When Barbara Bole lost her job, she found her true calling.

Barbara BoleJanuary 2010

Barbara Bole sighs. Loudly. It’s 3 p.m. on a Monday and Bole is tirelessly combing through job listings.

“Often we let our identity get bound up in what we do for a living, says Bole, a former nonprofit executive. “If anything, I’ve learned that what really matters is connecting with your community and doing something purposeful—paycheck or no paycheck.”

Checking the classifieds wasn’t something Bole ever expected to do. In 2001, at age 34, she was hired by a nonprofit academic grants organization outside of Philadelphia to help build an international grant program from the ground up—a position so meaningful to Bole that she had to pinch herself on the commute home.

In just five years, Bole, a headstrong and analytical dreamer who spent much of her 30s bouncing between jobs at underfunded nonprofits, had successfully grown the newly launched program into a global community of more than 240 grant recipients in 42 countries.

“It was a cultural bubble,” Bole says, “but it was incredibly fulfilling.”

A communications graduate from West Chester University, Bole wanted to take her career to the next level, deepen her ability to foster civic discourse, and expand her organization’s grant outreach program. In 2006, she enrolled in Walden University’s Master of Public Administration program.

“Walden focused on practical applications,” says Bole. “I had created a global network of like-minded folks, but I needed something to keep my feet on the ground.”

She was attracted to Walden’s dedication to social change and emphasis on intercultural communication. Tailoring her coursework to fit her work schedule, Bole found that many of the online discussions she had with Walden students and faculty carried over into her personal and professional relationships.

In February 2008, she earned her Master of Public Administration with a 4.0 GPA. Spurred by this accomplishment, she immediately enrolled in Walden’s Ph.D. in Public Policy and Administration program. Bole had intended to use her grantee groups for dissertation research on transformative intercultural communication and even received preliminary approval to run a survey through her office. Five months into the program, however, her position at the nonprofit was eliminated.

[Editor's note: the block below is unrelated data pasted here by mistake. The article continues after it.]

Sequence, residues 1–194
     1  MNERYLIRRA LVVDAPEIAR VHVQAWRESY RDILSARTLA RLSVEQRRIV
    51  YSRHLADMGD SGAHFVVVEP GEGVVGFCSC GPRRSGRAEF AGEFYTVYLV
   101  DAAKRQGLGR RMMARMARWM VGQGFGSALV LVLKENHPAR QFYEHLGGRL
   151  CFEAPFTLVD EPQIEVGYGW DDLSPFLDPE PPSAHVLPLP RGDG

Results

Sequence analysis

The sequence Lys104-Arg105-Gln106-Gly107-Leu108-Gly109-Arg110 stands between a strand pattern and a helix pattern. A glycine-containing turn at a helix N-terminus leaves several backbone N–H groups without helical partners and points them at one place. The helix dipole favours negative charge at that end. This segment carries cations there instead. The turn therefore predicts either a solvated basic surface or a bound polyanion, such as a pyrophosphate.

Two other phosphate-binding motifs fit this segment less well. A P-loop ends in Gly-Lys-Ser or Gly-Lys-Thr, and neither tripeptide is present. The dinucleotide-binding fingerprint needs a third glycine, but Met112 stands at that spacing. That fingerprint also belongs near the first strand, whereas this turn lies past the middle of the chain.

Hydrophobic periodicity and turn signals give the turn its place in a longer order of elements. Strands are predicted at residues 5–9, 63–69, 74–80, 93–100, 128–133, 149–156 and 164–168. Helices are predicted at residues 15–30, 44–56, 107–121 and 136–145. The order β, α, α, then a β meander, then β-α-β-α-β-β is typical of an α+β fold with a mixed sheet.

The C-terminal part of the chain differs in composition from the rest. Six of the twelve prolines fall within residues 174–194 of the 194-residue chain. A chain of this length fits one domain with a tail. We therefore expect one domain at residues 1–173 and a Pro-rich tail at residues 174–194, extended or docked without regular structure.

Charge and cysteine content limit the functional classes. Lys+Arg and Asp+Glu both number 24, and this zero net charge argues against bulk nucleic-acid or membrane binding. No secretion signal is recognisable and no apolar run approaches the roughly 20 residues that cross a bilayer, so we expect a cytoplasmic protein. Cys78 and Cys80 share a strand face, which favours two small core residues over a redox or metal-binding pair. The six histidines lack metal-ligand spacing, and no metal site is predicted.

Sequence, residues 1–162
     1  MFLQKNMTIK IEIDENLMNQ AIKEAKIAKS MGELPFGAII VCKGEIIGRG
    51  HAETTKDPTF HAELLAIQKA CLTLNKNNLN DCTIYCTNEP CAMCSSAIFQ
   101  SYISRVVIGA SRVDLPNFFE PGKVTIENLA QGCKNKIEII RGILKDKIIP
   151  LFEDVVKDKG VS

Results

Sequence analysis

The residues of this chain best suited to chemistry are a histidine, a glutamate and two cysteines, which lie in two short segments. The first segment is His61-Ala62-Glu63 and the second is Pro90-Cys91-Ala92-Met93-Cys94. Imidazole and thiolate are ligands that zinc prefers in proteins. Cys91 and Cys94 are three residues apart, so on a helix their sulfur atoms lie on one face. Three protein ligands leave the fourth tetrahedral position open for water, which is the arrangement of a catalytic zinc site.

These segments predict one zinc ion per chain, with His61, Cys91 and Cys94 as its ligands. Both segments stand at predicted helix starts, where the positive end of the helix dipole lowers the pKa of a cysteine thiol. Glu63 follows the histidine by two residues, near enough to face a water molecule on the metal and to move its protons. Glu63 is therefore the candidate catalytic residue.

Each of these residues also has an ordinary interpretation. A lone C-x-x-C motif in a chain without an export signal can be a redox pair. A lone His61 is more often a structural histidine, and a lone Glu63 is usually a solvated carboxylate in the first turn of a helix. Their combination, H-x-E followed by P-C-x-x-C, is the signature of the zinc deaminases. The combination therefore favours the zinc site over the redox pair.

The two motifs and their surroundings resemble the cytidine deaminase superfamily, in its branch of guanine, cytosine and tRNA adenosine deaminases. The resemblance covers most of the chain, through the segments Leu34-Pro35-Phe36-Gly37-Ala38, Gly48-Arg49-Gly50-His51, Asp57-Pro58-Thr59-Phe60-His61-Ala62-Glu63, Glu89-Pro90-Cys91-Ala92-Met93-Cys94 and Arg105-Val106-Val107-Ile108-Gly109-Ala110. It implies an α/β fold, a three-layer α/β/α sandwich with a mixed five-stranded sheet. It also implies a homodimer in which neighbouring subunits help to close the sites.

“My initial reaction was one of utter shock and disillusion,” says Bole. “For the first couple of weeks I sat dazed at my computer, searching through nonprofit job lists, trying to make sense of the situation.”

Incensed and demoralized, Bole threw herself into Ph.D. work, coauthoring an article on civic engagement with her mentor and the director of her doctoral program, Dr. Mark Gordon. The article, which began as a 150-page research paper, was published in the United Kingdom’s Journal of Public Affairs in November 2009.

She began volunteering part-time at Ten Thousand Villages, a fair trade retailer in her hometown of Media, Pennsylvania—a suburb of  Philadelphia that in 2006 was designated as North America’s first official Fair Trade Town.

Hoping to do more to promote the fair trade industry, she began researching and writing grants for the local Fair Trade Town Committee in early 2009. The experience prompted Bole, who now calls herself an “uber-volunteer,” to change the focus of her dissertation to the country’s emerging fair trade movement.

Though she never lost her philosophical sensibilities, Walden professors have encouraged Bole to use her intellect to focus on core interests and develop realistic problem-solving skills. With only a year and a half left in her Ph.D. program, Bole says she plans to use these skills to spread Media’s fair trade message to other cities and towns.

“I’ve never been so civically engaged,” says Bole, who has spent so many hours navigating Walden’s Career Services Center that faculty asked her to host a webinar on unemployment. “In a way, losing my job has been an amazing blessing—and an amazing challenge.” —Heidi Kurpiela